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Lonnie at Hackbarth is selling some of that conveyor belt stuff for strops. He had it and some diamond rouge paste for sale at the Texas Show. The belting was $15 (?) for a strip about 6" wide by 2 feet or maybe 2.5'. I believe the paste was $15 a tube. Give him a ring and if I am wrong please post the correct price on here.

Thanks.

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When you say conveyor belting what grade?surface?and synthetic material, as I have access to a lot of conveyor belting of all shapes and qualities.

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Which side of the leather is glued? I have been away from leather work for a long time, but I thought the strops we had in school were scrap leather with jewlers ruge rubbed into the rough side. That is what I have been using lately. Maybe that is why my swivle knife seems to drag.

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Use the smooth side Ken, glue the rough side.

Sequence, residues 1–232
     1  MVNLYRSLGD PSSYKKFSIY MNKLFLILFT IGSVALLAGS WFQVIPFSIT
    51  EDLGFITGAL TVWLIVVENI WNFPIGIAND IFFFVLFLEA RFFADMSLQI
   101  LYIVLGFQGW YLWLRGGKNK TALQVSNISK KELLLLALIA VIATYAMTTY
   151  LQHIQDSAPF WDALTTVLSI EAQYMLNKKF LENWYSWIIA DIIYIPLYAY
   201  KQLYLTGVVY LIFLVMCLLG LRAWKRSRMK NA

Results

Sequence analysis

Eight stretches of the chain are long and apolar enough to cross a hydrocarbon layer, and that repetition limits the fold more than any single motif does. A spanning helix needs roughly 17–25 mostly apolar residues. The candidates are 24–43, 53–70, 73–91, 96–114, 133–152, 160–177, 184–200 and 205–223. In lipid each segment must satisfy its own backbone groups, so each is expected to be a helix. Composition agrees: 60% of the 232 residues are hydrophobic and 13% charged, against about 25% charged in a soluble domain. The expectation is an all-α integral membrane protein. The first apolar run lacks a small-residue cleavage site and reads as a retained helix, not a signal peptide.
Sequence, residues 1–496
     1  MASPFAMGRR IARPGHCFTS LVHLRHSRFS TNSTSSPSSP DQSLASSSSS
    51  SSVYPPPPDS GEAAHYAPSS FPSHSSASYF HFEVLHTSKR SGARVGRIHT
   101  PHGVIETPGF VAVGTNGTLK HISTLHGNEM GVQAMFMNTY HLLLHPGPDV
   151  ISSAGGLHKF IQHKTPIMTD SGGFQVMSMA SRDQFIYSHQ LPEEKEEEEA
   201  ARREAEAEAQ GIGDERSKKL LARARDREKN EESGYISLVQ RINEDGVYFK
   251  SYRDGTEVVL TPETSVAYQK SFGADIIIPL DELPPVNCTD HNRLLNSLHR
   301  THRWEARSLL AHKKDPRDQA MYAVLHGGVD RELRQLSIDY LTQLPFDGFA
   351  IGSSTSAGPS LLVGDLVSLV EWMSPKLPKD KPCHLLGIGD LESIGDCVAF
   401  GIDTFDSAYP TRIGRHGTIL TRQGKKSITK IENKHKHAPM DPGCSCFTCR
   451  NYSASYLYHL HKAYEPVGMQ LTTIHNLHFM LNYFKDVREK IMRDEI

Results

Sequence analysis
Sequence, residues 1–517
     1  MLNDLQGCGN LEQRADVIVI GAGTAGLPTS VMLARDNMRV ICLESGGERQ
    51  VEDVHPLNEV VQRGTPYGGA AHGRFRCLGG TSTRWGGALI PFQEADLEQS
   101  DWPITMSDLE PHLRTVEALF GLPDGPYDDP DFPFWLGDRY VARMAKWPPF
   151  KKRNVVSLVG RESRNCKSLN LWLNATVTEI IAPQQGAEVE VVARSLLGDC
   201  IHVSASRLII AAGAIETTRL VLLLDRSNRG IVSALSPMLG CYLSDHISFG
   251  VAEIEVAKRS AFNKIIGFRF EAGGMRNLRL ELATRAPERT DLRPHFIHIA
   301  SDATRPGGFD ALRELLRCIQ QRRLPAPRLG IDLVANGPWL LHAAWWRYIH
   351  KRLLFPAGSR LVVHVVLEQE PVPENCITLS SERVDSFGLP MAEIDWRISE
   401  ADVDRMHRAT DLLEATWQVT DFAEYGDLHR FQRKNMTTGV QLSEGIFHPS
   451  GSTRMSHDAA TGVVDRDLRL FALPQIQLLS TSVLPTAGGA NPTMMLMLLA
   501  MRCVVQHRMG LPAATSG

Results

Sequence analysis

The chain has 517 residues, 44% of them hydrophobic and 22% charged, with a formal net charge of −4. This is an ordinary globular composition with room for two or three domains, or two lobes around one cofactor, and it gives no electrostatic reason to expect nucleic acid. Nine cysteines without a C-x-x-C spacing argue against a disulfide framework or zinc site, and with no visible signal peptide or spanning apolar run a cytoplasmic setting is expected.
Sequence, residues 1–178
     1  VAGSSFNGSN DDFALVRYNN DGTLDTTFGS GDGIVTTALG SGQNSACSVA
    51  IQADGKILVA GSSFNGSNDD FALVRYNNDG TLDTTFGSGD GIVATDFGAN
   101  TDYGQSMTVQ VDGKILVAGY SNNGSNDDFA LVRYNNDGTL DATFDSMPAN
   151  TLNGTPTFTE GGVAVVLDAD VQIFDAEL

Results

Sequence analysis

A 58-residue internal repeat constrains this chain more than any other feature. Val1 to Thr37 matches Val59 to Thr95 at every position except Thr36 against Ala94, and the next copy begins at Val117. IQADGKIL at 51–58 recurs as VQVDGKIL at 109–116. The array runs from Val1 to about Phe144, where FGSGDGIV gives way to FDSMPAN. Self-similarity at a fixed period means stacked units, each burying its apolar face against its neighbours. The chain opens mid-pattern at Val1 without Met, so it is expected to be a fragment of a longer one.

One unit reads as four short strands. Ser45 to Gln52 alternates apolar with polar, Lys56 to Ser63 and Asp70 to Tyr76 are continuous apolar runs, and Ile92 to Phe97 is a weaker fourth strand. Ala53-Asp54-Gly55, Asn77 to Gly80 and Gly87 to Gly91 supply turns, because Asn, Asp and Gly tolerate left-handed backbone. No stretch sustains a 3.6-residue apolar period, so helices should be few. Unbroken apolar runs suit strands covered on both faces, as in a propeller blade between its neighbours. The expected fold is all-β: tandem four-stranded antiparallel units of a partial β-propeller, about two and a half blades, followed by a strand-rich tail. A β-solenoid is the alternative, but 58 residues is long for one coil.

Cardboard from a cereal box works good on a slab, use the inside of the box for applying the rouge.

Kevin.

Which side of the leather is glued? I have been away from leather work for a long time, but I thought the strops we had in school were scrap leather with jewlers ruge rubbed into the rough side. That is what I have been using lately. Maybe that is why my swivle knife seems to drag.

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Thanks, I'll try that.

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IIRC , lots of old skool razor strops were grain leather on one side and a very dense felt on the other . What was the felt used for ?

I'm a big fan of stropping , and have tried a variety of abrassives , and a couple of metal polishes - haven't settled on anything yet . Anybody tried any of the new diamond pastes ?

Chris

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Hi Chris,